An undergrad I know was captivated recently by Phil Ochs' savage, sarcastic 1960s musical takedown of aging progressives: "Love me, love me, I'm a liberal." ("I went to socialist meetings/ Learned all the old union hymns/ But I've grown older and wiser/And that's why I'm turning you in/ So love me …)
It's natural to tend toward radical positions when you're young. Your mind is agile and you haven't acquired the one item that might mitigate extremities: extensive life experience. Going liberal, or in Canada's case Liberal, may follow with age. What's odd is the notion of a young l/Liberal (YL), it's almost an oxymoron.
Yet there have been many YL's, some now high up in Ottawa. (The idea of young conservatives doesn't seem quite as paradoxical.) I'm thinking this may help explain the odd refusal of the Trudeau government to deal with the desperate state of journalism, especially newspapers, in Canada. The Star's big boss, John Honderich, addressed this with deep aggravation recently. They've adamantly failed to help, even with measures that would cost them nothing.
These are young -- or recently were -- figures, like Gerry Butts, Justin's main handler. He moved straight from university to working for a Liberal senator -- a fine one, Allan MacEachen, but well aged by then; both of them grew up in the radical seedbed of Cape Breton.
Most people don't want to seem fusty at an early age -- hey, what happened to my youth and rebellion? Being a cog, even a sizable one, in the Liberal party, isn't the coolest thing you can do at that age, so you seek something else to display your edge. Recently, that includes being tech savvy. This is an era, as Thomas Frank says about U.S. Democrats, when being hip and cool implies the internet and Silicon Valley.
To such people, newspapers may look like dog turds left by feckless pet owners. There was nothing virtual about them. You had to, until recently, bend down to pick them up off your porch, even in the cold. They now exist in virtual forms, but the musty odour lingers.
A Liberal mouthpiece said, of a policy being considered for the periodical sector, though not newspapers, that, "The government wants to correct some of the problems … 'to adapt it to the digital age' because it was created before the advent of the internet."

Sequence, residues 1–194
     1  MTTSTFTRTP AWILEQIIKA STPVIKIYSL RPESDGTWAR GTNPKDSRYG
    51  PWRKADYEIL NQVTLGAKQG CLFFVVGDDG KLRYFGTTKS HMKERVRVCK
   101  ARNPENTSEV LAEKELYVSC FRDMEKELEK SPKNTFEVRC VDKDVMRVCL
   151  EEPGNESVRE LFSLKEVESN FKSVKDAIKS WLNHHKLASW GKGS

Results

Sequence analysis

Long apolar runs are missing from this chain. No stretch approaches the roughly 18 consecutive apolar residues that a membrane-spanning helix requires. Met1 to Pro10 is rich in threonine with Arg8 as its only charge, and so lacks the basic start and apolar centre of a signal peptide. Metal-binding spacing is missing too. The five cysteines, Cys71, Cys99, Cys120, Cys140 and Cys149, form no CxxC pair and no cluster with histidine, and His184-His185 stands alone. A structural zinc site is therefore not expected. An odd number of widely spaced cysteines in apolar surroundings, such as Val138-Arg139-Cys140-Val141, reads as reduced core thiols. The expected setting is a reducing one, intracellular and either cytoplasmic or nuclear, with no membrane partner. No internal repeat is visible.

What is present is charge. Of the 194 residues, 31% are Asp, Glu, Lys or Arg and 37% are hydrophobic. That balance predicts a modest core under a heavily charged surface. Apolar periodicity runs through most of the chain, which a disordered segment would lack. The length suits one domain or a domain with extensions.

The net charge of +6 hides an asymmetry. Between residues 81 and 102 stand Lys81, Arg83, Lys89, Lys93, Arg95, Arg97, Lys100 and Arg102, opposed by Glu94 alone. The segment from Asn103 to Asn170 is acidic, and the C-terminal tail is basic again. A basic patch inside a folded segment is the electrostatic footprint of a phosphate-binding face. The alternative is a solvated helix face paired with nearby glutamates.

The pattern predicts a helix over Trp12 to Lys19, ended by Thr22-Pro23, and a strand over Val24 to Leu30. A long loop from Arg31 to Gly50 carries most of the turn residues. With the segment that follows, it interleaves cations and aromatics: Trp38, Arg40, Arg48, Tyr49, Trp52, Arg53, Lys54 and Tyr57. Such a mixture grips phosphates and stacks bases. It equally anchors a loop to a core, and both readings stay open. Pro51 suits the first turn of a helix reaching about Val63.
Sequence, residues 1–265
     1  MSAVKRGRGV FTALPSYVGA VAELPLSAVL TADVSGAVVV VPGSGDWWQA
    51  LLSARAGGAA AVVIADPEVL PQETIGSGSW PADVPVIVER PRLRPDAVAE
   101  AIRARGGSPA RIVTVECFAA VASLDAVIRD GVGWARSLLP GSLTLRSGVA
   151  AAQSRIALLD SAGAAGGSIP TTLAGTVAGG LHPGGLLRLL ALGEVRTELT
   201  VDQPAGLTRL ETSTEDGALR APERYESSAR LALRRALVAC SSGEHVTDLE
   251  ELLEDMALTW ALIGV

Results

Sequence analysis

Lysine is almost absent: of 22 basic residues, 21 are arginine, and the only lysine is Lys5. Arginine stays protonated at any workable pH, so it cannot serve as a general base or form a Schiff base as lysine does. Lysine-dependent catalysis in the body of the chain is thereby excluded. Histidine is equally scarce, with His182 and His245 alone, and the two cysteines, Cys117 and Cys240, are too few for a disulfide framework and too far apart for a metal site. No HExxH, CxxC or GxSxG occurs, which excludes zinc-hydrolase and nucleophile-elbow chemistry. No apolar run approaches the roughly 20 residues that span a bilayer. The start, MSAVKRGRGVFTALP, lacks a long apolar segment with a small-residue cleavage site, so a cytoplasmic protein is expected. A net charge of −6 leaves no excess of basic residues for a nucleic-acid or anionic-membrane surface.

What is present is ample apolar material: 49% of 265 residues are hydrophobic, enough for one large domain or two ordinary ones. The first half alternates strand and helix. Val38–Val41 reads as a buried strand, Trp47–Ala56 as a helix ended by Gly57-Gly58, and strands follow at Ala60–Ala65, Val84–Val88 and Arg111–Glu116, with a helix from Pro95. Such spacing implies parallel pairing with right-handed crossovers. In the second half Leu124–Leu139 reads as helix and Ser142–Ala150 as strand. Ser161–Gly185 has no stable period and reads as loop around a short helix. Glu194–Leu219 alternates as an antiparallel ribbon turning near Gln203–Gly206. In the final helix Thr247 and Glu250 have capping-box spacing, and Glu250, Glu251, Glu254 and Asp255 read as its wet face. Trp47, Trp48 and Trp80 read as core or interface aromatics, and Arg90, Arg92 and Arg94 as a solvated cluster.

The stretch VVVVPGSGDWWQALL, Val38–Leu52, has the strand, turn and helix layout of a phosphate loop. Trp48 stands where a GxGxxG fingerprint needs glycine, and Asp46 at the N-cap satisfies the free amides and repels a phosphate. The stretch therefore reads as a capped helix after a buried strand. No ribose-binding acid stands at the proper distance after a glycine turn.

You can hear his shame and embarrassment re anything pre-internet. Heritage Minister Mélanie Joly says she has no plan "to bail out industry models that are no longer viable."
This is just ignorant.
The crisis is about journalism, not business models. Many, perhaps most, business models are failed -- like the CBC, which has no real business model, except huge public subsidies that the Liberals happily keep rolling out to cover its many failures.
Capitalism itself is pretty failed, depending on where you view it from, and that extends to its origins in piracy and conquest -- you call that a business model?
There's no intrinsic connection between journalism and its current business model, which simply equals advertising. It wasn't ever thus; newspapers fell into dependence on ads in the late 1800s. It was accidental but it happened to work for 100 years.
You could sever journalism from ads entirely -- i.e., from that business model -- and it would still be journalism, in fact it'd be better journalism. The question isn't the model -- any revenue source will do -- it's whether a society can be democratically healthy without solidly funded journalism.
There's another consideration here, it's speculative (yes, like the above): the post-politics factor, AKA the Obama factor. We live in a time when almost no one seems to view politics as a lifelong career. There's too much money to be made outside it, especially with political connections to peddle.
This could account for Obama's reluctance to force change on the Wall Street banks, exactly when he had the whip hand in 2009 and they were ready to accept it. He was young, with a family, and was already looking beyond being president.
In the case of the (formerly) YL's, where might they be aiming, post-politics? To the big internet players, perhaps, such as Facebook and Google, who'd necessarily be in the crosshairs of any serious attempt to salvage journalism, since almost all the ad revenue that once supported journalism, has been diverted into their accounts. Cui bono? as they say in the journalism schools.
This column originally appeared in the Toronto Star.
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